While the Bush administration shifts course on its $700 billion rescue plan, Congress is examining whether even bigger changes should be made in the program in light of the deteriorating economy and soaring mortgage foreclosures.
The debate may not be resolved until President-elect Barack Obama takes office on Jan. 20 and pursues policies for administering the rescue program that are likely to be more closely aligned with his Democratic allies in Congress.
In anticipation of the change of administrations, Democrats were holding hearings in both the House and Senate on Thursday examining various aspects of the most serious financial crisis to hit the country in 70 years.
The House Oversight Committee was examining the role that hedge funds may have played in recent market turbulence. Among those scheduled to testify was billionaire investor George Soros, chairman of Soros Fund Management.
Meanwhile, the Senate Banking Committee will hear from executives of a number of financial institutions including Bank of America, JPMorgan Chase and Wells Fargo on the issue of how the government's $700 billion rescue effort is operating and particularly whether the government should be requiring more commitments on the use of the money to address rising mortgage foreclosure problems.
Treasury Secretary Henry Paulson announced Wednesday that the administration had decided to scrap what had originally been the centerpiece of the program — a proposal to buy troubled assets to get them off the books of banks as a way of promoting increased lending.
Instead, Paulson said the administration will proceed with an alternative plan to spend $250 billion to buy stock in the banks as a way of bolstering their financial situation and accomplishing the same goal — getting the institutions to return to more normal lending.
However, critics contend the administration should be imposing more restrictions on the stock purchases as a way of insuring that the banks will use the government resources to increase lending rather than just hoarding the cash or using it to acquire other banks or boost dividends for stockholders.
Sen. Charles Schumer, D-N.Y., said even with the changes in the rescue plan he was still disappointed in the administration's unwillingness to issue strict guidelines to ensure that participating firms use the funds to increase lending.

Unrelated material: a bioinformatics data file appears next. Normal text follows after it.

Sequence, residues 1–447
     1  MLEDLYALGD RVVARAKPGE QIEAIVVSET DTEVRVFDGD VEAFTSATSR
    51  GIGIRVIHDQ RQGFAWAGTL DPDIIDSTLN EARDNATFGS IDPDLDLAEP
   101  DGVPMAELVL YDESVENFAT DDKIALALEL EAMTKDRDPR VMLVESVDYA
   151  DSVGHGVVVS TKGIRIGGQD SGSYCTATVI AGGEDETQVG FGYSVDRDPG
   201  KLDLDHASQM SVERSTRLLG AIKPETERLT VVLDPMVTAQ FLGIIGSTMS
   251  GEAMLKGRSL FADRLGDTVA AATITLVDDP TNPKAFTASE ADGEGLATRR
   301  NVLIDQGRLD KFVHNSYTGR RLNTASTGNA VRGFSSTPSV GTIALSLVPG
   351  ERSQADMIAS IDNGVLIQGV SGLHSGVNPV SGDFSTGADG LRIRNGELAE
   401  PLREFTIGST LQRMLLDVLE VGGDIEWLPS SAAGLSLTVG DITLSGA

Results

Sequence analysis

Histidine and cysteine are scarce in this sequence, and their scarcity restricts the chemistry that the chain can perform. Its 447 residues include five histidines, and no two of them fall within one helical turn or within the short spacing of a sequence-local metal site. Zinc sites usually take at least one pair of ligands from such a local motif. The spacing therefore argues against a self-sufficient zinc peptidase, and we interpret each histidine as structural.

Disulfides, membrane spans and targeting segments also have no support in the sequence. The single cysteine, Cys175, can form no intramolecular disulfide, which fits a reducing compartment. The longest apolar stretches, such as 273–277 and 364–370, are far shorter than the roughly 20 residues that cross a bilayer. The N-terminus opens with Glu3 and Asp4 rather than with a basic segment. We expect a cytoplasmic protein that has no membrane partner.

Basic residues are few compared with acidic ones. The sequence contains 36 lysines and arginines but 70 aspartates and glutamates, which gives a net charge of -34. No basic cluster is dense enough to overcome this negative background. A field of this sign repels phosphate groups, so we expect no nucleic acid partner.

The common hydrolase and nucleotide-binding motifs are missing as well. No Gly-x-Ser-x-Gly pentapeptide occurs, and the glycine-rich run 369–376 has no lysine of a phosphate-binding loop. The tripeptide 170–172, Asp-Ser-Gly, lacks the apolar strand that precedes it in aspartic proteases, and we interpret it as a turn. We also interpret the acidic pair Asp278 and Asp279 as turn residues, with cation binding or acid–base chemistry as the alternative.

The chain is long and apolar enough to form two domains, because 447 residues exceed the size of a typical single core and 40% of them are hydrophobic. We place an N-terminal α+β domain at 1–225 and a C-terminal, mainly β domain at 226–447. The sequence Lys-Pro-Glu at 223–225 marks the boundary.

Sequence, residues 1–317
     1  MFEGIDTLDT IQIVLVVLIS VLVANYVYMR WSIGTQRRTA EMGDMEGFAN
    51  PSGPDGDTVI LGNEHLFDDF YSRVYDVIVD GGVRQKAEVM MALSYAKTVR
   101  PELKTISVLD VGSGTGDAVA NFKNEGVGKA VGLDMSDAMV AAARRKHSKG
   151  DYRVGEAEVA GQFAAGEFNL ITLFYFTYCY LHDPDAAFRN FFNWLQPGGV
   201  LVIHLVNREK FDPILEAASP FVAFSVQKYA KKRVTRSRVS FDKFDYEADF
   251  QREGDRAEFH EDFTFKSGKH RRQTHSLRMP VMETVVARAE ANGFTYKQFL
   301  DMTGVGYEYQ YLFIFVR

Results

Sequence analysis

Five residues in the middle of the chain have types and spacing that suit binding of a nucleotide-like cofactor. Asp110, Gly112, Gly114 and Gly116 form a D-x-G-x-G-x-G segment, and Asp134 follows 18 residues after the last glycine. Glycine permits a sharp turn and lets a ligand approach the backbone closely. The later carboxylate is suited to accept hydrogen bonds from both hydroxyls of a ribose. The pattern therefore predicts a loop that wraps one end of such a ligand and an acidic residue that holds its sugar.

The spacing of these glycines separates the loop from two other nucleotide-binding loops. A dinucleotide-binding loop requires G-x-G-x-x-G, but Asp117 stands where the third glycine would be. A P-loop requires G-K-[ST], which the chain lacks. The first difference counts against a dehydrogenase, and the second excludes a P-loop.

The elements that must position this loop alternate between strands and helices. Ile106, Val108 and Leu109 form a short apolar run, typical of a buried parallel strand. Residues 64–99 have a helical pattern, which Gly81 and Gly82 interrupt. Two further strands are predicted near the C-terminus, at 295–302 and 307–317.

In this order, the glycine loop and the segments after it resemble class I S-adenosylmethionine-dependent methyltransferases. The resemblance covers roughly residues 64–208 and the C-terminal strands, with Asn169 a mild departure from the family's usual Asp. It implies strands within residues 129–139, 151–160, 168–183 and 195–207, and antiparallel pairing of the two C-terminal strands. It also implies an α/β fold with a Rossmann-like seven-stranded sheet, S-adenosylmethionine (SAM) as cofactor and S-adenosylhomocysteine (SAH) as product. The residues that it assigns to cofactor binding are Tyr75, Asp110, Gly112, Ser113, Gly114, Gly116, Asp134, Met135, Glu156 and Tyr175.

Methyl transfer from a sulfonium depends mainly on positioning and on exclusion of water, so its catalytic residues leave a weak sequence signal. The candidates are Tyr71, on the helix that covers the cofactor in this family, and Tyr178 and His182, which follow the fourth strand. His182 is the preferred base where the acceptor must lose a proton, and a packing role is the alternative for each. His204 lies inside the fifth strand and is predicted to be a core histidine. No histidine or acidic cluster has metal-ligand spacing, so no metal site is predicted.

"In these difficult times, fear is still overwhelming confidence," Schumer told reporters on Tuesday.
More reports detailing the difficulties facing the economy were expected on Thursday with the Labor Department releasing its latest look at weekly applications for unemployment benefits, the Commerce Department reporting on the trade gap for September and the government reporting on the budget deficit for October.
The level of jobless claims was expected to remain at levels indicating the labor market is under severe strains, reflecting what many economists fear could be a deep and prolonged recession.
The government reported last Friday that the unemployment rate soared to a 14-year high of 6.5 percent in October as businesses cut another 240,000 jobs.
The trade deficit was expected to show some improvement, declining to $57 billion in September, compared to $59.1 billion in August, reflecting a big drop in the price of imported oil and a weakening economy, which is dampening demand for other imports.
The budget deficit, however, was expected to show a big increase in October, the first month of the new budget year, rising to $101.5 billion, compared to $57 billion in October 2007. The soaring costs of the bank rescue and the weak economy are expected to put the country on track to run up a record deficit for the current budget year of between $700 billion and $1 trillion, a staggering sum for a single year.
Despite its new flexibility, the administration said Wednesday it remains opposed to using the rescue fund to bail out the ailing auto industry or to provide guarantees for home loans, an idea that supporters contend offers the greatest hope for helping legions of Americans who are facing foreclosure.
Congressional Democrats felt otherwise on autos, and strongly. House Speaker Nancy Pelosi and Senate Majority Leader Harry Reid were pressing for quick passage of a major package for carmakers during a postelection session that begins next Tuesday, and one key House Democrat was putting together legislation that would send $25 billion in emergency loans to the beleaguered industry in exchange for a government ownership stake in the Big Three car companies.
Paulson told reporters Wednesday that the administration was exploring the possibility of setting up a program in conjunction with the Federal Reserve that would provide support for the $1 trillion market in securities that fund such vital consumer products as credit cards, auto loans and students loans. About 40 percent of consumer credit is supplied through the sale of these securities that are backed by payments consumers make on their credit cards and other loans.
The administration has already spoken for all but $60 billion of the initial $350 billion supplied by Congress, including the $250 billion for direct stock purchases from banks and $40 billion for a new loan supplied on Monday to help stabilize troubled insurance giant American International Group.